A life spent in service to others and advocating for social justice may have seemed inevitable for Crutchfield. “All of this, for me, is rooted in my familial experience,” she explains. “My mother was a high school teacher who was passionate about working in areas where students didn’t have what they needed,” she says. “My father was a journalist at a time when there weren’t black journalists, and he wanted to make sure people had a voice.”

GABRIEL DIMA-SMITH: BEING THE CHANGE HE WISHES TO SEE ALUMNUS, CAL POLY POMONA/SACRAMENTO STATE GOVERNMENT AND COMMUNITY RELATIONS MANAGER AT PACASO

Growing up, Gabriel Dima-Smith wasn’t even sure he’d go to college, so after finishing high school, he served in the U.S. Army. It was in a class at Citr​us College that his interest in politics was first sparked. When Smith transferred to Cal Poly Pomona in 2015, that initial spark transformed into a passion to make a difference—starting right on campus.

Just one year after his arrival, the first-generation college student had become vice president of CPP’s Associated Students Incorporated. The young man who’d once felt he wasn’t “college material” was gone. “At Cal Poly Pomona, I started believing I could make a difference,” he says.

The CSU alumnus has worked in political offices at the university, city, regional, state and nationwide level. He also served as state parliamentarian for the California Young Democrats and as a public affairs associate at Ortega Strategies Group.

Smith wants to be sure more of the state’s residents can have access to higher education, and he’s ready to fight, too, for affordable health care and immigrant rights in California.

He knows that means a future in public service. “Wherever I feel I can make the most change and impact on people—that is where I am going to be.”

JAMILLAH MOORE, ED.D.: ADVOCATING FOR THE CSU ALUMNA, SACRAMENTO STATE VICE PRESIDENT FOR STUDENT AFFAIRS & ENROLLMENT MANAGEMENT AT SAN FRANCISCO STATE

The CSU is where Dr. Jamillah Moore learned how to go to college, do research and teach. “It’s also where I fell in love with being a student and learning how to help other students,” she says. “If you would’ve told me while I was at Sac State, ‘You’re going to be a college president,’ I would have probably thought you were crazy.”

But that’s exactly what she did. From 2016 to 2021, Moore served as president of Cañada College in Redwood City, where she established the campus’s anti-racist framework, a program to support Latinx students with transfer pathways to SFSU and co-chaired the San Mateo County Community College District’s Basic Needs Task Force.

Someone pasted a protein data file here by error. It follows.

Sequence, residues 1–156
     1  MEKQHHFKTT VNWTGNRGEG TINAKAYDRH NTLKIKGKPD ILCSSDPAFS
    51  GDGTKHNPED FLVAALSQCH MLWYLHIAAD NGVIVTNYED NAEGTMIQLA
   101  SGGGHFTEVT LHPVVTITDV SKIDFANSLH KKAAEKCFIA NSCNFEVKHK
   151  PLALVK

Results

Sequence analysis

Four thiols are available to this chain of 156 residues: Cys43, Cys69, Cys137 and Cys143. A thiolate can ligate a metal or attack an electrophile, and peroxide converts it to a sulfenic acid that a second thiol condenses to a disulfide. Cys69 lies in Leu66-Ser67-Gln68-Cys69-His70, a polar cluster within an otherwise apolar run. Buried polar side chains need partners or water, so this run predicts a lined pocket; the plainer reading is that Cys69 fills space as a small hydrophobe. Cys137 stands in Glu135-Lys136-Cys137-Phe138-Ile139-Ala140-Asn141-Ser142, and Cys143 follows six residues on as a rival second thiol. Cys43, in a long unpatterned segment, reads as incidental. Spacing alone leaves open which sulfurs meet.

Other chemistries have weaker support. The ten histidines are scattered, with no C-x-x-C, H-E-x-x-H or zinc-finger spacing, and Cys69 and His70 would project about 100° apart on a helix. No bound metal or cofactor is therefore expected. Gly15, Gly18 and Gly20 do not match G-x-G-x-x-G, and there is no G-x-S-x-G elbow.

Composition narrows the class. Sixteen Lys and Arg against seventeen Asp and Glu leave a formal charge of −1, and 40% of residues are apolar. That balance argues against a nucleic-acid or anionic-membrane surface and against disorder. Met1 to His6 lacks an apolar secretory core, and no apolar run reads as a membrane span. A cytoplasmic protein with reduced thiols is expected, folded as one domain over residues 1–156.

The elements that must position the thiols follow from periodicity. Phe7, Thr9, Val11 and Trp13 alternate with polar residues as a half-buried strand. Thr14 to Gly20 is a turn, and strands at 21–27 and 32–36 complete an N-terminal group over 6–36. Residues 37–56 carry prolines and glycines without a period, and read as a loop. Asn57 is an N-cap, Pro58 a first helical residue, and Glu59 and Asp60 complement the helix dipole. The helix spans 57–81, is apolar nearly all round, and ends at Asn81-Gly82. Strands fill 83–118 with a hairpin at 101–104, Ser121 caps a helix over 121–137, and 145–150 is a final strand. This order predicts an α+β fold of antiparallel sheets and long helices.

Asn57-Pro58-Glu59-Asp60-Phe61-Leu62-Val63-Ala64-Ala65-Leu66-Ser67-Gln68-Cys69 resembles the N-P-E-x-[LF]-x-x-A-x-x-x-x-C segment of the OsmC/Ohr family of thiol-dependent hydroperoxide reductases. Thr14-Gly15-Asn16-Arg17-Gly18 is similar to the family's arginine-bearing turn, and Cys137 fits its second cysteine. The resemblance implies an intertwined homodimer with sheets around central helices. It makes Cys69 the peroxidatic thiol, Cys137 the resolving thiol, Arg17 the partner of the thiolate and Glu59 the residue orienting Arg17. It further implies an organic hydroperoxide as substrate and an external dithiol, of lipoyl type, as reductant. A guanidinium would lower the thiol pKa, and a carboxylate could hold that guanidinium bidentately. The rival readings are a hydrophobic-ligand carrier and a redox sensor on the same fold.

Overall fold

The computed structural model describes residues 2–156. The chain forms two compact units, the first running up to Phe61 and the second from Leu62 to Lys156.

During her time at the CSU, Moore participated in A Semester at the Capitol, a program that allowed her to earn college credits while doing an internship inside the Capitol. “Going into that program and then being an intern and seeing firsthand how policy was put together chang​ed the direction of what I thought I wanted to do,” she says.

As it often does, life has come full circle for Moore, and she is now back within the CSU community, serving as vice president of Student Affairs & Enrollment Management at SFSU.

“I will always advocate for students to find an affordable, high-quality educa​tion that can really open doors for them,” she says. “For me, it is a CSU.”

BRANDON MILLER: ELIMINATING EDUCATION GAPS ALUMNUS, CALSTATETEACH AT CAL STATE LA TEACHER AT WILDER’S PREPARATORY SCHOOL

When Brandon Miller heads to his second-grade class every morning at Wilder’s Preparatory School in Inglewood, there’s no question in his mind about why he’s there.

“I have to do whatever I can to slow the increasing education gaps between inner-city Black children and their more affluent, predominately white counterparts,” says the 2013 graduate of the CSU’s online teaching credentialing program, CalStateTEACH.

“One of the lowest-performing groups of students is young Black males,” Miller continues. “Whether it be because they are overdisciplined or simply that they can never buy into education because most of their primary education is coming from white women, the need for Black male teachers is the greatest it’s ever been.”

During his time in CalStateTEACH, Miller participated in a men’s group created by the program’s systemwide director, Ernest Black, that specifically focused on helping male students of color complete the program.

“Male teachers have a different overall experience in the world of education, and I would believe especially so as a Black male teacher. We are typically called on for more,” Miller explains. “The men’s group helped build support by allowing Dr. Black to share his experiences [as a K-12 educator himself] and how he dealt with them, but also by having us each see that those challenges are not personal or isolated occurrences.”

DOSHIA DODD: BREAKING BARRIERS IN STEM SONOMA STATE GRADUATE STUDENT SYCUAN BAND OF THE KUMEYAAY NATION SCHOLAR